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UNDERSTANDING PSYCHOLOGY

10TH EDITION By Robert Feldman Powerpoint slides by Kimberly Foreman Revised for 10th Ed by Cathleen Hunt

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EIGHT: COGNITION AND LANGUAGE

CHAPTER

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MODULE 23: Thinking and Reasoning


What
What

is thinking?

processes underlie reasoning and decision making?

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MODULE 23: Thinking and Reasoning


Cognitive

Psychology

Branch of psychology that focuses on the study of

higher mental processes, including thinking, language, memory, problem solving, knowing, reasoning, judging, and decision making

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MODULE 23: Thinking and Reasoning


Thinking

Manipulation of mental representations

of information

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Mental Images: Examining the Minds Eye

Representations in the mind of an object or event


Not just visual

representations but every modality

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Concepts: Categorizing the World

Concepts
Mental groupings of

similar objects, events, or people


Prototypes Highly representative examples of a concept Example:
Vehicle

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Reasoning: Making Up Your Mind


Syllogistic

Reasoning: The Formal Rules of

Logic
Kind of formal reasoning in which a person draws

a conclusion from a set of assumptions Example


Premise 1: All professors are mortal. Premise 2: Dr. Rivera is a professor. Conclusion: Therefore, Dr. Rivera is mortal.
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Reasoning: Making Up Your Mind


Algorithm

Rule that, if applied appropriately, guarantees a

solution to a problem
a + b = c

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Reasoning: Making Up Your Mind


Heuristic

Thinking strategy that may lead to a solution Representativeness heuristic


Rule one applies when he judges people by the degree to which they represent a certain category or group of people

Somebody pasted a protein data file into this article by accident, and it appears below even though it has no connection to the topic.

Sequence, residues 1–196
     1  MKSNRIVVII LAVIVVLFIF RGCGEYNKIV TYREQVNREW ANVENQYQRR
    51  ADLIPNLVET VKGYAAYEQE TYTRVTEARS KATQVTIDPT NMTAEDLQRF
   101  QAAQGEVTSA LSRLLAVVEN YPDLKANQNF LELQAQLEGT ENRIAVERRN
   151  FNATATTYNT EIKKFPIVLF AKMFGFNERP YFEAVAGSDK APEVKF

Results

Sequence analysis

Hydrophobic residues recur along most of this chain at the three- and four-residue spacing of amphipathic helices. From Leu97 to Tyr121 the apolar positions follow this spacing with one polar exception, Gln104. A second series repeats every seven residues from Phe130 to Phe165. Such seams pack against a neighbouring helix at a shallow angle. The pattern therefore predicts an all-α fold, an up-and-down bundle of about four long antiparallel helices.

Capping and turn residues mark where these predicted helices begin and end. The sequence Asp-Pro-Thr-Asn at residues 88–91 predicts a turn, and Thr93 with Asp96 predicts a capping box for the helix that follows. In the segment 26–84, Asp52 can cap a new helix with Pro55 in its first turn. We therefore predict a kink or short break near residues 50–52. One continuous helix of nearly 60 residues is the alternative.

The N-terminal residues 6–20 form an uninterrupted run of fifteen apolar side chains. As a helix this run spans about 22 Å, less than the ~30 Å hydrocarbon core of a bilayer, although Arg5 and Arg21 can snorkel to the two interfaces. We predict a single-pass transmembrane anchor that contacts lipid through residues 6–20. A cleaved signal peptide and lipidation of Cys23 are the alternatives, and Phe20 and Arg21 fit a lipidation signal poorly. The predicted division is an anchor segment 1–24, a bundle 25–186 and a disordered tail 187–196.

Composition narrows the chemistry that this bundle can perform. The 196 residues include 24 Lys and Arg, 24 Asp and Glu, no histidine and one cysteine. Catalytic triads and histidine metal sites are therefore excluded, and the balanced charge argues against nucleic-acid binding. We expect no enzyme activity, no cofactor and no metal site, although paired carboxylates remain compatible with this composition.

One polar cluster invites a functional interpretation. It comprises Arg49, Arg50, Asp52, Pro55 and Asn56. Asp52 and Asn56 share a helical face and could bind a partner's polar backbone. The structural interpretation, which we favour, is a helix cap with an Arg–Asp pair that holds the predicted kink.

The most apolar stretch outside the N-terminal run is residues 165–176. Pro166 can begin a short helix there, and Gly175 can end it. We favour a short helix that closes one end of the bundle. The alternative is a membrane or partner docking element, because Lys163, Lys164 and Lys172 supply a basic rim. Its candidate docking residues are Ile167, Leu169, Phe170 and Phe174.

Availability heuristic
Judging the probability of an event on the basis of how easily the event can be recalled from memory
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Computers and Problem Solving: Searching for Artificial Intelligence


Field

that examines how to use technology to imitate the outcome of human thinking, problem solving, and creative activities

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MODULE 24: Problem Solving


How

do people approach and solve problems? are the major obstacles to problem solving?
is creativity?
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What

What

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Preparation: Understanding and Diagnosing Problems


Well-Defined

Problem

Both the nature of the problem itself and the

information needed to solve it are available and clear


Ill-Defined

Problem

Not only the specific nature of the problem is

unclear, but the information required to solve the problem is less obvious
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Preparation: Understanding and Diagnosing Problems

Kinds of Problems
Arrangement problems Problems of inducing

structure Transformation problems

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Preparation: Understanding and Diagnosing Problems

Representing and Organizing the Problem


Depends on the way a

problem is phrased, or framed

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Production: Generating Solutions


Trial